Approaches to querying across heterogeneous data sources in the life sciences have been discussed previously . In the work reported in this paper, we have created an RDF resource for integrated chemical and biological information. We have further employed methods to facilitate the easy generation of SPARQL queries and have implemented a variety of searching options for the RDF datasets by extending the SPARQL query language to include domain-specific cheminformatics and bioinformatics functionality. We refer to this combination of new RDF triples, links to Bio2RDF and LODD, and searching capabilities as Chem2Bio2RDF. We present three specific examples of how Chem2Bio2RDF can be used in the previously described important areas of polypharmacology, pathway inhibition and adverse drug reaction analysis.
Our datasets are organized into six categories based on the kinds of biological and chemical concepts they contain. These categories are: chemical & drug, protein & gene, chemogenomics, systems (i.e., PPI and pathway), phenotype (i.e., disease and side effect) and literature. Some data sources are listed in multiple categories. Some of the data used were previously employed in relational database format in our prior work  and in this case they were simply converted into RDF/XML via a D2R server . For the rest of the datasets, we acquired the raw dataset (by downloading from web sites), and converted the data into our relational database using customized scripts. These are then published as RDF through the D2R server. The data can be queried via a D2R SPARQL endpoint.
We linked our data to LODD and Bio2RDF using the owl:sameAs construct. Since LODD and BioRDF have strict namespace definition and dereferenceable URIs, it is straightforward to link them simply via a D2R mapping file. For example, the drug Lepirudin http://chem2bio2rdf.org/drugbank/resource/drugbank_drug/DB00001 is linked to the following URIs: http://bio2rdf.org/drugbank_drugs:DB00001, http://www.dbpedia.org/resource/Lepirudin, http://www4.wiwiss.fu-berlin.de/dailymed/resource/ingredient/Lepirudin, and http://www4.wiwiss.fu-berlin.de/drugbank/resource/drugs/DB00001
Where N C is the number of bits that are set in the fingerprints of both A and B, and N A and N B are the total number of bits set in A and B, respectively.
Chem2Bio2RDF datasets: some data sources map to multiple RDF resources.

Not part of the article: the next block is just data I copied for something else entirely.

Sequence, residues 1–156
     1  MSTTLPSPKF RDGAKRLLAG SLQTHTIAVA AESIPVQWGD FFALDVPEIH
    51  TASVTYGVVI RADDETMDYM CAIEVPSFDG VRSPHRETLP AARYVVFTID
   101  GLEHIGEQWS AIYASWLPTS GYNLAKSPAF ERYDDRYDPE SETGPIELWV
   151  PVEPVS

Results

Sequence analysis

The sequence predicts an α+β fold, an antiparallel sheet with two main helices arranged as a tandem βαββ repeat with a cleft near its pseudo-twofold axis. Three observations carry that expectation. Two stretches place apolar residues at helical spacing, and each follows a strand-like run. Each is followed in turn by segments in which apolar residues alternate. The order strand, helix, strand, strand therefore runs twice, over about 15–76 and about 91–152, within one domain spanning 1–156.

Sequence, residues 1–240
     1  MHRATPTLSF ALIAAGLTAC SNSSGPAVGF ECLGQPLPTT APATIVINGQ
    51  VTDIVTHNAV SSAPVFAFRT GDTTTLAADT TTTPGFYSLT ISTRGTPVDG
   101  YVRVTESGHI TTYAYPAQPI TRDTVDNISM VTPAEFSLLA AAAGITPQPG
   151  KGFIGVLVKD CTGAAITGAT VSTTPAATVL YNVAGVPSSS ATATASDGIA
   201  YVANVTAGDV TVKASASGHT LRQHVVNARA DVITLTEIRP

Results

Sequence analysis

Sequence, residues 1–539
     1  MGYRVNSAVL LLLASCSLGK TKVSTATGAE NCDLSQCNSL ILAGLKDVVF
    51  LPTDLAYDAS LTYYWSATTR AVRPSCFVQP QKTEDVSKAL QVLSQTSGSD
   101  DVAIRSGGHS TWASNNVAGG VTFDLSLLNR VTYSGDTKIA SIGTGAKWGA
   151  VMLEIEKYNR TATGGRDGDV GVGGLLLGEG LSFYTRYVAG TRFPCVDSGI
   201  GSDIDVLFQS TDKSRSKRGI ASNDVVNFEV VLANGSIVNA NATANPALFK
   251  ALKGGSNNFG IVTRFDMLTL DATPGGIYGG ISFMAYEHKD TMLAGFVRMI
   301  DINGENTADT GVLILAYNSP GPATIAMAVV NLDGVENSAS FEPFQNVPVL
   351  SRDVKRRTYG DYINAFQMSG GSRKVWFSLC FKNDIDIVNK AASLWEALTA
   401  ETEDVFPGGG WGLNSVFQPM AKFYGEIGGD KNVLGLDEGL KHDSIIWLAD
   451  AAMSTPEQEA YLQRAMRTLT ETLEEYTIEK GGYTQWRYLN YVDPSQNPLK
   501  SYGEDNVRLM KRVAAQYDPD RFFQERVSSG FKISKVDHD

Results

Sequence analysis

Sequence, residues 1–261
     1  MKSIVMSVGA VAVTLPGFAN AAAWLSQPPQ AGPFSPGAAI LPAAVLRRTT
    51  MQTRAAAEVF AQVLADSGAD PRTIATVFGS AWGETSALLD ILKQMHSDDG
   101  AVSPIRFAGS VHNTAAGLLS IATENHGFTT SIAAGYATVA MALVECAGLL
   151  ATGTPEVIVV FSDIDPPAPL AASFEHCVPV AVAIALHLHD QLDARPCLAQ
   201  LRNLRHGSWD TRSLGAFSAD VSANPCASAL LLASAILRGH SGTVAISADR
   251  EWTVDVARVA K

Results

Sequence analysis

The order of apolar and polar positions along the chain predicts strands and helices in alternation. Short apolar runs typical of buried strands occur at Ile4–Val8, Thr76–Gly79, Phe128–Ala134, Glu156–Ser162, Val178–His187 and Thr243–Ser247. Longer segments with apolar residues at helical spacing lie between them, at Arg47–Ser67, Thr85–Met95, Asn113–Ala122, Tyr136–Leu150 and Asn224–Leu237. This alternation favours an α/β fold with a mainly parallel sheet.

Number of RDF triples
Public QSAR sets
Since approximately 35% of known drugs have more than one target, the efficacy of many drugs is increasingly thought to come from their effect on multiple targets. This is known as polypharmacology. We recently studied the utility of data in PubChem for identifying cases of polypharmacology  as well as how chemical and biological data can be mined on a large scale . We can now extend this, using Chem2Bio2RDF, to incorporate data from DrugBank as well as PubChem. In particular, if a compound has the same multiple targets as a marketed drug but has a different chemical structure, that compound could be a candidate for a novel new therapy. Conversely, if we have already established polypharmacologic action of known drugs, can we find other interesting drug-like compounds that also show similar polypharmacology? These questions can be formulated as a query: find all the drug-like compounds in PubChem BioAssay that share at least two targets with a drug in DrugBank. We can now translate this into a SPARQL query of Chem2Bio2RDF (in this example using Dexamethasone - an anti-inflammatory 9-fluoro-glucocorticoid which interacts with six proteins - as the drug of interest). The exact SPARQL query used is available on the chem2bio2rdf.org website.
Nine of retrieved active compounds are active against at least two of the same protein targets, all of which are drug-like (in terms of Lipinski's Rule of Five). These compounds make sense from a medicinal chemistry perspective. For example, dexamethasone and one result tocris-1126 (CID: 6603742) have similar activities in NFKB1 and NR3C1, because they only have slight difference in stereochemistry. The activity of dexamethasone is also similar to that of another search hit, hydrocortisone (CID: 5754), where the addition of the methyl and fluorine to hydrocortisone has no effect on the activity but improves its drug-likeness as measured by the rule-of-five. In our generalized mapping process, we found 55 significant proteins in DrugBank that are studied in PubChem BioAssay. 27 drugs have corresponding active compounds showing polypharmacology.
The MAPK signalling pathway plays important roles in coordinating cell proliferation, differentiation and death. The inhibitors of proteins involved in the pathway are widely studied, but the robustness of this pathway leads to drug resistance. Cisplatin, for example, is used to treat ovarian cancer but the development of resistant cell population limits its efficiency in long-term trials. It has been suggested that targeting the ERK-MKP-1 system could destroy this pathway and further overcome Cisplatin resistance in human ovarian cancer treatment . One compound (CID: 573747) was found in the retrieved results that has never been reported in the literature, but which can apparently inhibit both ERK2 and MKP-1. We might consider this a candidate to provide a new direction for the design of inhibitors of both ERK and MKP-1 to reduce Cisplatin resistance. After iterating all the known pathways, we hit 36 pathways, in which at least two proteins are inhibited simultaneously by at least one compound in PubChem.